From Convict to Redeemed
Jim is a serious offender. He is on his second federal sentence and has been designated a dangerous offender by the government of Canada. That means his sentence is indefinite. He has no idea when he may get out. That’s Jimmy the convict.
Jim signed up for the first ever Prison Bible Encounter Program cohort in 2016 and before COVID 19 struck, he was on target to be part of our first ever graduating class. I haven’t seen him for nearly a year now, but I have heard from him. Occasionally Jim convinces a friendly guard to let him call me at the college.
On one such call, Jim excitedly told me that several guys on his unit wanted to apply to our program. He wanted to know if there was anything he could do to get them ready. I sent him half a dozen of the English prerequisite workbooks and now Jim is tutoring these men so they will be up to speed when we return.
That’s Jim the teacher.
Jim called again just before Christmas and asked if I could do him a favour. Then he told me about Carney. Carney has been in prison for most of the last six decades and was now showing early signs of dementia. Jim was moved by the fact that this would probably be the last Christmas that he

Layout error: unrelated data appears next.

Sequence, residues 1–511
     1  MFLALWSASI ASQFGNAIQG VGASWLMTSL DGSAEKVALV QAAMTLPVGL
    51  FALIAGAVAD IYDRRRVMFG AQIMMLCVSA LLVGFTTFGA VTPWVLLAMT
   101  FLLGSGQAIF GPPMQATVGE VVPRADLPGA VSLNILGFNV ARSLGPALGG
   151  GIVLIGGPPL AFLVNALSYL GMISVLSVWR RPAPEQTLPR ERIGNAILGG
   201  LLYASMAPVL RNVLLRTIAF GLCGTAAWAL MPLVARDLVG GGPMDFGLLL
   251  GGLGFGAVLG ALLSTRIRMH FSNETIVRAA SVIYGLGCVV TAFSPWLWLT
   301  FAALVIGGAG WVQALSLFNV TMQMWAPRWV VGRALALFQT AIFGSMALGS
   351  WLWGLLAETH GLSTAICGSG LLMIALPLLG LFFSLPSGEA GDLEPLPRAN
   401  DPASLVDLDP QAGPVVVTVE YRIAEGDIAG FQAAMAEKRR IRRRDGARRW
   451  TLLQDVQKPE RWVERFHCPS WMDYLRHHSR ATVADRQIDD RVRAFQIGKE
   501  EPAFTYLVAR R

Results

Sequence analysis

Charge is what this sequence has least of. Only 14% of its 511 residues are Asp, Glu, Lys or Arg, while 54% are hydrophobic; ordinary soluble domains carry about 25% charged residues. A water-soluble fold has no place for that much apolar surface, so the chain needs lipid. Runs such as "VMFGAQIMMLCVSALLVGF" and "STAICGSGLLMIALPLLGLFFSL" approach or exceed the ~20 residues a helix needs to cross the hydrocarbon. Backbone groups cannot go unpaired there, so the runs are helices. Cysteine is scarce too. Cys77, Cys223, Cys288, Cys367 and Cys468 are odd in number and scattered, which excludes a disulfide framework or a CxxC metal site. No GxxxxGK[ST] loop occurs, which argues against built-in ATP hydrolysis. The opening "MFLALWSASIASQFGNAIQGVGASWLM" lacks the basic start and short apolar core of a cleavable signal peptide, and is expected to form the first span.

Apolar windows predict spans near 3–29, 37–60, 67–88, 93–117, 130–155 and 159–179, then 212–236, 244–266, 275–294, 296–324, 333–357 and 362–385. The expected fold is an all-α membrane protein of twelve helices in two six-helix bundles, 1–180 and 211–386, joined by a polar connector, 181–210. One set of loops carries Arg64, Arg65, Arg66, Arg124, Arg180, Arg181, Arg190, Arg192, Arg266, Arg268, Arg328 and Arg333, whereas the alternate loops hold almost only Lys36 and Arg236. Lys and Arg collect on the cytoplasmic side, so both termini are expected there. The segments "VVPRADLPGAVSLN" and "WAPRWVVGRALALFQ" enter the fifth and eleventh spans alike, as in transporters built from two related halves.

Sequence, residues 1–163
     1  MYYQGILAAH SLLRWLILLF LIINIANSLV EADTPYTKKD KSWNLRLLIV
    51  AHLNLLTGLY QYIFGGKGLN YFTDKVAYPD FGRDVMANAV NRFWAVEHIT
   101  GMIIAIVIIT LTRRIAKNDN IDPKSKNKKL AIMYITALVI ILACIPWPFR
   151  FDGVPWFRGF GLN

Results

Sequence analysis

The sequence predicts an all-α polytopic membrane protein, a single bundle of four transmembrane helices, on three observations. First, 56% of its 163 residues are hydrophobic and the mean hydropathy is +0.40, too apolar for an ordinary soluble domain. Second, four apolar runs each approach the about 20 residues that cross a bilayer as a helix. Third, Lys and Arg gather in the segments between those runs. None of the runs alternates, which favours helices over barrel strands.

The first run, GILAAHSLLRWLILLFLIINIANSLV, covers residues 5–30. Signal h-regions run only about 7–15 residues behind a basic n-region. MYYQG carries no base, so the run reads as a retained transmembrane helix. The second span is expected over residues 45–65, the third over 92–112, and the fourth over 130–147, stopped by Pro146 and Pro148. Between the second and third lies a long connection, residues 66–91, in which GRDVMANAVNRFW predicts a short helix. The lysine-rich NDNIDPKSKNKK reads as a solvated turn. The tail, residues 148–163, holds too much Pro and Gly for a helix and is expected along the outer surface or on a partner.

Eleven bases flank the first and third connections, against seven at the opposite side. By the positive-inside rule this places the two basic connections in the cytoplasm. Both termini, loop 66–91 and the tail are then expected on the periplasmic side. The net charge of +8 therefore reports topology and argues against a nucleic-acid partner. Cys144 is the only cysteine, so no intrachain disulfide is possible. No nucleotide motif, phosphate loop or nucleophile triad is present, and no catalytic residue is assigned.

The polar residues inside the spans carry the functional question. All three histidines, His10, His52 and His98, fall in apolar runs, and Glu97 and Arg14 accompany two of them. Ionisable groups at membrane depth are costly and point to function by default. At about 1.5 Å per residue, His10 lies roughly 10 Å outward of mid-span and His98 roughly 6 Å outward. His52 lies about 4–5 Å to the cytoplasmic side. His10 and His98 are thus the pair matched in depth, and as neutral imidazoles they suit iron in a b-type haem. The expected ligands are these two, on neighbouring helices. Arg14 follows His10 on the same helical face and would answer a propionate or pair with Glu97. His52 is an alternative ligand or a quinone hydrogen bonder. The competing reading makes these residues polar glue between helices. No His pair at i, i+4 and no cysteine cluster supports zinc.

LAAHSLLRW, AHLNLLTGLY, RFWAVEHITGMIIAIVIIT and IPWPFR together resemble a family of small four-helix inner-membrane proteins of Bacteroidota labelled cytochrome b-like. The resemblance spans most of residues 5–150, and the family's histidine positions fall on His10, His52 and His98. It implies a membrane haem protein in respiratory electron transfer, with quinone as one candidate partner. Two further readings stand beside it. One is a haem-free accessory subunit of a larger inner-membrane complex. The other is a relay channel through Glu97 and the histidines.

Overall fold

was lucid enough for the season to have any meaning. Jim’s idea was to decorate Carney’s cell in a big way. Part of that was to get Prairie College students to send Christmas cards containing Christmas blessings and words of encouragement. In the end, Jim was able to decorate Carney’s cell with over seventy cards. That’s Jim the caregiver.
Recently, Jim informed me that he has been using some of his time during lockdown to do beadwork. He went on to explain that he’s been making keychains and lanyards that he intended to donate to Prairie College. Jim bought and paid for all the supplies and dedicated literally months of his time to this project.
A few weeks ago, I got a call from the institution office asking me to come and pick up Jim’s work. I wasn’t prepared for what was in the box. Jim had created fifty beautiful lanyards and keychains – no two alike – for the school. In his own words: “I wanted to have a way to give back to a group of people who, through their dedication to us, have given so much. I came up with the idea to make some lanyards and keychains and donate them to sell to help offset the cost of our textbooks which have been supplied to us at no cost.” That’s Jim the philanthropist.
When Jim was locked up, they threw away the key. Then he began to study the Bible and to understand what Jesus meant when he talked about salt and light and of “the least of these.” He began to experience gratitude and to actually care about the other men in his unit. And that’s when everything started to change.
That’s Jim the redeemed.
If you are interested in a piece of Jim’s beadwork, they are available for purchase on the Prairie online Shopify shop: prairie-college-shop.myshopify.com.
There are examples of his work pictured above and below. The lanyards are about 49-cm long and the key fobs are 21-cm long. Considering the time and effort Jim put into these, the price is $20 for the keychain and $40 for the lanyard. This price does not include shipping and is on a first come, first serve basis.